If these peole were tortured, I say throw the book at those responsible. If all it was is humiliation....then I say JOB WELL DONE!!! If we can get information by humiliating these bastards, then I'm all for it!!!! But I can't condone out and out torture...(Even though, in certain situations I can rationalize it), because it makes us no better than them.



Firstly, it's not always about getting information from these guys. A lot of this torture is happening to people who were arrested for mediocre things like selling beer without a Coalition license.

Secondly, it's not all about humiliation. The kind of emotional damage that is done when a heterosexual man is forced to commit homosexual acts with other heterosexual men is irreparable. Also in support of this is how there is physical damage being done as there have been reports of some of the captured people have had acid dripped unto them, via broken chemical lamps and damaged batteries (and not the small AA kind, either)


Let me ask this (although I know I'm going to be flamed!!)
If they won't play by the rules why should we????
As far as I'm concerned, nothing happened....short of Humiliation. We did not kill or maim them, but they seem allright with burning our civilians bodies and hanging them...decapitating civilians....AS LONG AS WE DON'T KILL OR MAIM THEM, I THINK ANYTHING IS FAIR PLAY....(Of course after the be-heading...I think we should just blow them off the face of the EARTH...but that is emotion speaking)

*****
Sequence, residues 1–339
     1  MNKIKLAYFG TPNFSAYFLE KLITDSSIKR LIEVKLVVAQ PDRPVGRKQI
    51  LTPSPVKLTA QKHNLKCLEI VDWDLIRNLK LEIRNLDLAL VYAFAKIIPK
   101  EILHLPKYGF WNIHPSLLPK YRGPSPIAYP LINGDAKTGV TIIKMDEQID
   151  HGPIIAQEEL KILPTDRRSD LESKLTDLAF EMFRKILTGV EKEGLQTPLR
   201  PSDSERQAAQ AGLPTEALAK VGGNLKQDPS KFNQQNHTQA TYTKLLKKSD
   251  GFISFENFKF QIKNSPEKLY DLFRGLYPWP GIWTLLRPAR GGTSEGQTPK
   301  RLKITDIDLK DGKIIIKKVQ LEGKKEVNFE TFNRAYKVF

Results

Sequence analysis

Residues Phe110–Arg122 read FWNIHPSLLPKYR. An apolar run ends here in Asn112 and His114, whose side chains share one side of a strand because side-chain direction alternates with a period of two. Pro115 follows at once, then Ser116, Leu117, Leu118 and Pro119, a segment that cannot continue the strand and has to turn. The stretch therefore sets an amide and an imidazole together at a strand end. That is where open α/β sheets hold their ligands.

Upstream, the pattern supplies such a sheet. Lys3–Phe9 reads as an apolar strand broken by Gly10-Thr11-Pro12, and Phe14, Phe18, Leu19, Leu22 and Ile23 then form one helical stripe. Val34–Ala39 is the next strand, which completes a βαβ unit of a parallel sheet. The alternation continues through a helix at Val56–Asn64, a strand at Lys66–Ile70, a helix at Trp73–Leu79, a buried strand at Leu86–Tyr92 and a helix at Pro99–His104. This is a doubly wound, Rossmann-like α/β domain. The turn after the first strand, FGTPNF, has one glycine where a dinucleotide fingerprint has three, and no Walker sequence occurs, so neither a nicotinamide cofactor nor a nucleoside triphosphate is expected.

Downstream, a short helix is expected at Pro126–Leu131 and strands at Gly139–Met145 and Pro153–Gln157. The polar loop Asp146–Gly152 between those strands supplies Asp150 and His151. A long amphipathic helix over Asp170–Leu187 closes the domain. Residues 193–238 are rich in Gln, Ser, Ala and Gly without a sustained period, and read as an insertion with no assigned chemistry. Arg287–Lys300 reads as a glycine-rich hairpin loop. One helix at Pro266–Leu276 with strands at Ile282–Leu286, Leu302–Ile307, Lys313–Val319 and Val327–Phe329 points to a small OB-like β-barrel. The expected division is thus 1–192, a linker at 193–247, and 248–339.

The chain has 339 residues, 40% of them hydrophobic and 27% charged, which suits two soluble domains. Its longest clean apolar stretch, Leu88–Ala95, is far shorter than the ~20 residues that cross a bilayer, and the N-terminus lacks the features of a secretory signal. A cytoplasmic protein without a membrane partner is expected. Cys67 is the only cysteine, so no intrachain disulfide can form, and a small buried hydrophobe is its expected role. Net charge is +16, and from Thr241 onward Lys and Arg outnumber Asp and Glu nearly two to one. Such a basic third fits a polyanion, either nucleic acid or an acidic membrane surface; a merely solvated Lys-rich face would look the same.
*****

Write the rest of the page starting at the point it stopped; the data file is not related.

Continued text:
posted on May, 12 2004 @ 09:21 PM
link   

Originally posted by CSRules

Let me ask this (although I know I'm going to be flamed!!)
If they won't play by the rules why should we????
As far as I'm concerned, nothing happened....short of Humiliation. We did not kill or maim them, but they seem allright with burning our civilians bodies and hanging them...decapitating civilians....AS LONG AS WE DON'T KILL OR MAIM THEM, I THINK ANYTHING IS FAIR PLAY....(Of course after the be-heading...I think we should just blow them off the face of the EARTH...but that is emotion speaking)


Youre not going to get flamed. Not by me, at least, as I am not into that sort of thing. You will get a slap on the wrist because of your violation of the overquoting rule. Not from me, but by a mod who has every right to do so.

Insignificant stuff aside, you should really look at the video of the beheading and ask yourself three questions, please. You will be doing yourself a favor, trust me.

1. This video was released pretty shortly after the publicity of the torturing in Iraq. Why is that?
2. Where's the blood? Don't things get messy if an appendage or a limb gets cut off? Much less a head?
3. If I wanted to hide the fact that I had my troops torturing prisoners under orders from above, how would I go about burying such an idea without totally denying it?



posted on May, 12 2004 @ 09:23 PM
link   
These latest allegations are serious. Especially since our own officials are making them. Now, I'd expect them to sugar coat, etc. But, there's a lot of junk going around too. However, I am going on what we've seen. Hence the subject of prisoner photos.

My point is: we see a handful of pictures going around that clearly show inappropriate actions.

- A guy with underwear on his head, to me, isn’t being tortured. It's silly and the sort of stuff one does in there youth after they've drank too much alcohol.

- A girl pointing to a guy’s genitals isn’t torture.

- A dog next to a prisoner isn’t torture. (Police often use dogs to go after perps)